• Phil McDonald

Restarting a music career

The Covid-19 Pandemic has seen careers in all walks of life come to an abrupt halt, sadly in many cases, permanently. Musicians and performing artists have felt the knock on effect of venues being closed with more than a years worth of gigs being cancelled including in some cases, the lucrative Christmas period. So if you find yourself in that position or if you've been out of the game for a prolonged period of time, or if you've relocated to a new area, how do you you get your music career going again?


Whatever the reason for your relaunch, the first thing you need to do is to get to know your local music scene. Everywhere has one and getting to know the people and the venues is a must. You'll get to meet plenty of like minded people who can offer advice and opportunities will no doubt arise in the form of support slots or gigs. If you've been out of the loop for a while but are still in the same area, bear in mind that the scene you used to know will have changed dramatically. Venues come and go, people the same. I doubt I would recognise the music scene from the town where I started out if I went back there now.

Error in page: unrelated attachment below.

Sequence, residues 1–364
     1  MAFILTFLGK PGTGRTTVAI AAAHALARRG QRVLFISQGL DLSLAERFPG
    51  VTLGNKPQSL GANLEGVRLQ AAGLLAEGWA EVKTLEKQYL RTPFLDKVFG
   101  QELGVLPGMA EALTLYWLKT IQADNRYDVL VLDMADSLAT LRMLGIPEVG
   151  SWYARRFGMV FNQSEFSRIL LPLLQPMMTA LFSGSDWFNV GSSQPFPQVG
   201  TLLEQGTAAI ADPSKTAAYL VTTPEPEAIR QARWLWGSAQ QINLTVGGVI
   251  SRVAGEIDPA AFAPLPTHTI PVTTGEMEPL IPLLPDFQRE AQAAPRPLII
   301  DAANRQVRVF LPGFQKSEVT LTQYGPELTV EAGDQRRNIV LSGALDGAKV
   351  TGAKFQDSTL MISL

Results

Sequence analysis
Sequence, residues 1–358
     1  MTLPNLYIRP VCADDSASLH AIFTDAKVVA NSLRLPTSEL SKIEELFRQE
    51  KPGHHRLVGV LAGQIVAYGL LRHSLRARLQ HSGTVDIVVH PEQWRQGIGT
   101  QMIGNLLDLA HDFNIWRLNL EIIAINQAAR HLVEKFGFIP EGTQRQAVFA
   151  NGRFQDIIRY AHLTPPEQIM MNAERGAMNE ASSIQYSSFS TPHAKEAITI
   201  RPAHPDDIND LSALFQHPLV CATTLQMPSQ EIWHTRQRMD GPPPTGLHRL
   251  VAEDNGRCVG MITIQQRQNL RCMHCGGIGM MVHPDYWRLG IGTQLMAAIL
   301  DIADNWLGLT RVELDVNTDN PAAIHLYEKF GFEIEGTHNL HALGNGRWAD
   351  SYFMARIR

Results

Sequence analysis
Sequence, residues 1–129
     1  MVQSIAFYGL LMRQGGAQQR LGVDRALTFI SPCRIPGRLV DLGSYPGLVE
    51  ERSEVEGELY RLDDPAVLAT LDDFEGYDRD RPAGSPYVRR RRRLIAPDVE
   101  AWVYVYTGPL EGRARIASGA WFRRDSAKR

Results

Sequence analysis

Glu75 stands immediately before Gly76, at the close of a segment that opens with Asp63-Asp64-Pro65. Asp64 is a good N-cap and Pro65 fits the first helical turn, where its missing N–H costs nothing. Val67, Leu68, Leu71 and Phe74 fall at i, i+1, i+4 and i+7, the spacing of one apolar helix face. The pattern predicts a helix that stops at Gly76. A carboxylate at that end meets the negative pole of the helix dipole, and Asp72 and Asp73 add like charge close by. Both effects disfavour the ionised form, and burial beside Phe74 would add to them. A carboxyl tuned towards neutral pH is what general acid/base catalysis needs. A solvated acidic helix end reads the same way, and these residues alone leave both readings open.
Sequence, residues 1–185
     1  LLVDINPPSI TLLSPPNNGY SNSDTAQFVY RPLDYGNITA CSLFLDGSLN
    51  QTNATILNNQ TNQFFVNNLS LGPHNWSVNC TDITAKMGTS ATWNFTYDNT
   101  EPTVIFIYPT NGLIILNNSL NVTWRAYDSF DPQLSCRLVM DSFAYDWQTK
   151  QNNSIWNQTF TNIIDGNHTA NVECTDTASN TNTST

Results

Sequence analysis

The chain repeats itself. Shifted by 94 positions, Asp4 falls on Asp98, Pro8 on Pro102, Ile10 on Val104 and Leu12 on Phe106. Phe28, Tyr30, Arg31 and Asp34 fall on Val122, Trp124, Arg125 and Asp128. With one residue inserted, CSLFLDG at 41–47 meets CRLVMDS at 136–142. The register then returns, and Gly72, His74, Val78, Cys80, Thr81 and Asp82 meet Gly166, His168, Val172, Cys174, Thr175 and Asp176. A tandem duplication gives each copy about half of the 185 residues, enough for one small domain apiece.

It's important to set your expectations realistically. Unless you were a pretty big shot back in the day, the chances are you're not going to get offered a top gig straight away, It's important to collaborate, go to open mic evenings and look for opportunities that way. These things take time and need to be done properly. Expect to play some gigs for free, even if it is a support slot. The experience will be invaluable and will likely lead on to other opportunities. Even if the gig is a cut of the door money it's worth doing.


Once you're up and running with a few gigs under your belt it's a good idea to get some material released. Whether you book into a local studio (again, great for making connections) or do it yourself at home, having a string of singles to promote and gig off the back off is a winner. By being consistent with your releases, you'll stay top of mind for not just music fans who go to gigs but also promoters, venue owners etc. Plus it keeps you fresh by writing and releasing new music all the time.


Lastly it's important to remember that this is a long journey and shortcuts aren't likely to end well. Trying to play a large venue you're not ready for won't look good and won't go down well with the organisers. Take small steps and the rewards will come. I talk about this in more details on this week's podcast which you can listen to here.


As ever, thanks for reading and wishing you a Very Happy New Year!


Phil



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